Friday, March 25, 2011

Voldemort lives in Maharashtra, India

The media is evidently petrified of NCP leader Sharad Pawar. When scams surface every two seconds and it's glaringly obvious (even to my dog) who is behind them, 'He Who Must Not Be Named' is coyly referred to as 'Senior Maharashtra Politicians'. The use of the plural is a polite way of referring to his size. After all, our local Voldemort takes up two airline seats, remember? Plush generously sized Business Class seats at that!

Sunday, March 13, 2011

Fair & Lovely aka India's Snow White

Written for and posted in unboxedwriters.com
http://unboxedwriters.com/2011/03/fair-lovely-aka-india%e2%80%99s-snow-white/

(And pasted below as well)

Once upon a time, in a sleepy little kingdom in the Deccan plateau, lived a tall, dark and average looking King, his dusky Queen and 365 concubines (one for each day of the year). This arrangement worked rather well because the Deccan Queen complained of headaches every night and claimed that her European doctor had advised complete single-bed rest. So the King and Queen happily went their own way, till disaster struck one day. The Queen was pregnant.

Now let’s establish some vitally important facts. The Queen wasn’t tall. Nor was she fair. Or even homely. And the less said about her tea-making and sitar-playing skills, the better. But she was ‘convent educated’. And it was this education that helped her to convince the King that it was Immaculate Conception. Since the King himself had gone to a Catholic day school instead of a posh boarding school for Indian princes, he bought the argument. And invited three wise men from the Vatican and the press from the Western world to witness the Second Coming.

The day dawned bright and clear. The King and Queen huffed and puffed out their natural birth lessons. When suddenly, a shrill cry rent the air. It was the King, who, thanks to his vantage point, first saw the baby’s head emerging from the womb. It was covered with tight blonde curls. And its eyes were emerald green.

Admittedly, the King had failed his Chartered Accountancy exams seven years in a row. But he could put two and two together: The European doctor had abruptly left the country nine months ago + he had tight blonde curls and emerald green eyes = Adultery.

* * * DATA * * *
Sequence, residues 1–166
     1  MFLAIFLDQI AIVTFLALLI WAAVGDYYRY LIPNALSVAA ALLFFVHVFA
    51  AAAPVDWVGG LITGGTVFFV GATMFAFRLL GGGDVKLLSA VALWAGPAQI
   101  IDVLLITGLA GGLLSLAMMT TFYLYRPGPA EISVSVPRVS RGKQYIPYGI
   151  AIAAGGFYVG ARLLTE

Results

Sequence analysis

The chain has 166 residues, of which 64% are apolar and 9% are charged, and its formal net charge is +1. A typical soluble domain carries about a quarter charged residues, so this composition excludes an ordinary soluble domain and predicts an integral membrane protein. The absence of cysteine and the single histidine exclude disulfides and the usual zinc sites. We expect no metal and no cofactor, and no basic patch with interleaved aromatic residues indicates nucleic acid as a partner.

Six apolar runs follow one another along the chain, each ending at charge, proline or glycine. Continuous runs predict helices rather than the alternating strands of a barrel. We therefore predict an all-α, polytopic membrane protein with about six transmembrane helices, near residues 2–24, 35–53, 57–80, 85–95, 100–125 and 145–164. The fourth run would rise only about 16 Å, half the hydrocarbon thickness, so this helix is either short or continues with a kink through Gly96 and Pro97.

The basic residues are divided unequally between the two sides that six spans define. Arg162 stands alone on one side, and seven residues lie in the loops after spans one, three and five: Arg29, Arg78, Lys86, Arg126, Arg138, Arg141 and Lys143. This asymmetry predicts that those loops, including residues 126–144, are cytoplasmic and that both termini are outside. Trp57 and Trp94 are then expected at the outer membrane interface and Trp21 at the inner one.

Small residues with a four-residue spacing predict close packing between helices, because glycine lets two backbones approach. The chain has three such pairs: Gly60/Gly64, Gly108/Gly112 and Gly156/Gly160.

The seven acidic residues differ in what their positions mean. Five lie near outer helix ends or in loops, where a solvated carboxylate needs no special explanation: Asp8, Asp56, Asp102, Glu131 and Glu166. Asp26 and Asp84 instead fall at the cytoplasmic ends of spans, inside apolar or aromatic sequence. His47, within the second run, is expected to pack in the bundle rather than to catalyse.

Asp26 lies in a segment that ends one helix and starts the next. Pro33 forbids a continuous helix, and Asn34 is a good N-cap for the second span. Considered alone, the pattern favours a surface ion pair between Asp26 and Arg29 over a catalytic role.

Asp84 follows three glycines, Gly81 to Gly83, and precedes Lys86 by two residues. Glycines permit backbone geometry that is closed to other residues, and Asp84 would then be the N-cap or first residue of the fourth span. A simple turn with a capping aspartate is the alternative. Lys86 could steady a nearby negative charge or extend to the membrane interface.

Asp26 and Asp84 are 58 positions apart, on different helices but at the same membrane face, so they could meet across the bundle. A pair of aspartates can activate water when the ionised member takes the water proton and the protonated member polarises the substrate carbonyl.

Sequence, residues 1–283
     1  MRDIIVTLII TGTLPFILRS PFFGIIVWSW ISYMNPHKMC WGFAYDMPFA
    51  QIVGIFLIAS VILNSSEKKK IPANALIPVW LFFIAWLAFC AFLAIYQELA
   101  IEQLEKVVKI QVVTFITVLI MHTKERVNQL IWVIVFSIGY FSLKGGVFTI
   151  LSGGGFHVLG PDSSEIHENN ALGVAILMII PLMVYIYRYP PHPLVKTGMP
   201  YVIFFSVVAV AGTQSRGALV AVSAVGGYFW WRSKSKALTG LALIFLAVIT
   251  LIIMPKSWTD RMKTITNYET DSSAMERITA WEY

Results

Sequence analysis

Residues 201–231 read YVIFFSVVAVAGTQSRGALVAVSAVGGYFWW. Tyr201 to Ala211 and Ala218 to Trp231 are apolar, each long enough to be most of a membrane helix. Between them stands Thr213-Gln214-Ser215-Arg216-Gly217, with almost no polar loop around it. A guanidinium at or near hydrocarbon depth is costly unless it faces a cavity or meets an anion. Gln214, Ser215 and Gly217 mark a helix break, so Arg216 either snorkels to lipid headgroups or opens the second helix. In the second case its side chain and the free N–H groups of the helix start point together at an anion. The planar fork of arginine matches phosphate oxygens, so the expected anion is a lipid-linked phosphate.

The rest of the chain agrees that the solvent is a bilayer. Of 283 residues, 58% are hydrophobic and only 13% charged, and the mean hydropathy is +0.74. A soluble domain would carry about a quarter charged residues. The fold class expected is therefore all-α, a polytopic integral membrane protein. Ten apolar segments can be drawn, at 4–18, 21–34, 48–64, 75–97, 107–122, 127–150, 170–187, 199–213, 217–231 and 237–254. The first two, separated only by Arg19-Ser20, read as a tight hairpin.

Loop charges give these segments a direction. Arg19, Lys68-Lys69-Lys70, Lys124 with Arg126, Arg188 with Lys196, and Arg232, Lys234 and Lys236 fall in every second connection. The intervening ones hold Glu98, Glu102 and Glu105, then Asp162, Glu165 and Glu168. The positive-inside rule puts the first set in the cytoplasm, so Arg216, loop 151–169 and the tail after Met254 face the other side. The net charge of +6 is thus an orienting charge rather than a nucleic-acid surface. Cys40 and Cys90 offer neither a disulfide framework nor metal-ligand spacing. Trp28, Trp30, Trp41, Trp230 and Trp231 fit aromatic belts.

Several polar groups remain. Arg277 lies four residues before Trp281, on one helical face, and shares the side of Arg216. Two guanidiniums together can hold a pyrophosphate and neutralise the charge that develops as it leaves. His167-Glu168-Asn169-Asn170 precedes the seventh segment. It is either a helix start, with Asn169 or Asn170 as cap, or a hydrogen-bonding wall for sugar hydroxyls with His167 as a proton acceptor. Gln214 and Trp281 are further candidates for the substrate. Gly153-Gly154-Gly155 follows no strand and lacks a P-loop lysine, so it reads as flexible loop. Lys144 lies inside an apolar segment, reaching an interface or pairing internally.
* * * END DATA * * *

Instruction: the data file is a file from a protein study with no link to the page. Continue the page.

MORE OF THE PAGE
The Queen was beheaded. And the baby was called Fair & Lovely. The King couldn’t bear to look at the Queen’s love child and packed her off to boarding school before she could say Papa. The courtiers tut-tutted and said that if the baby had been a boy, perhaps, but well, in his place they’d probably do the same thing.

The King remarried a fair skinned Anglo-Indian with English, Portuguese and Dutch blood flowing in her veins. Of course, she also had her fair share of Tamilian blood, but she kept that a dark secret.

She bore him a son and made him very happy. She was reasonably happy too, till Fair & Lovely returned at sweet 16 from boarding school. The cold mountain air had whipped up a gentle blush in her cheeks. Her blonde curls glittered in the sun. And her green eyes made the Step Queen turn green with envy. What really got to her, however, was the fact that it was whispered that her skin was at least three shades darker than Fair & Lovely’s.

‘Mirror, Mirror on the Wall,’ she screeched, ‘Who’s the fairest of them all?’ The mirror gulped and stuttered a reply. ‘I cannot tell a lie, it’s Fair & Lovely.’ The Step Queen turned purple with rage. She called Chota Elaichi in Dubai and agreed to pay him a king’s ransom (well, actually, the princess’s dowry) to do away with Fair & Lovely.

One dark evening, Chota Elaichi’s hoods arrived at the palace gardens and kidnapped Fair & Lovely. Unfortunately for the Step Queen, there was a shoot out with a rival mafia gang in the concrete jungle outside the palace and Fair & Lovely managed to escape. While fleeing, she sought refuge in the house of seven Sherpas who willingly took her in because their last maid hadn’t yet returned from a day’s leave six month’s ago. So she cleaned and cooked fancy meals for them and in return got a pittance as salary and free accomodation.

Meanwhile, the Step Queen had got a new consignment of Jolen bleach, sun screen with 50 SPF and a range of skin lightening creams from her smuggler sources. After taking the prescribed seven-day fairness course, she decided to consult her mirror for the latest beauty update. Once again, the answer was Fair & Lovely. She turned purple with rage yet again. And jetted her way to Dubai to confront Chota Elaichi. After getting her money back (with interest), she hatched a plot to get rid of Fair & Lovely herself.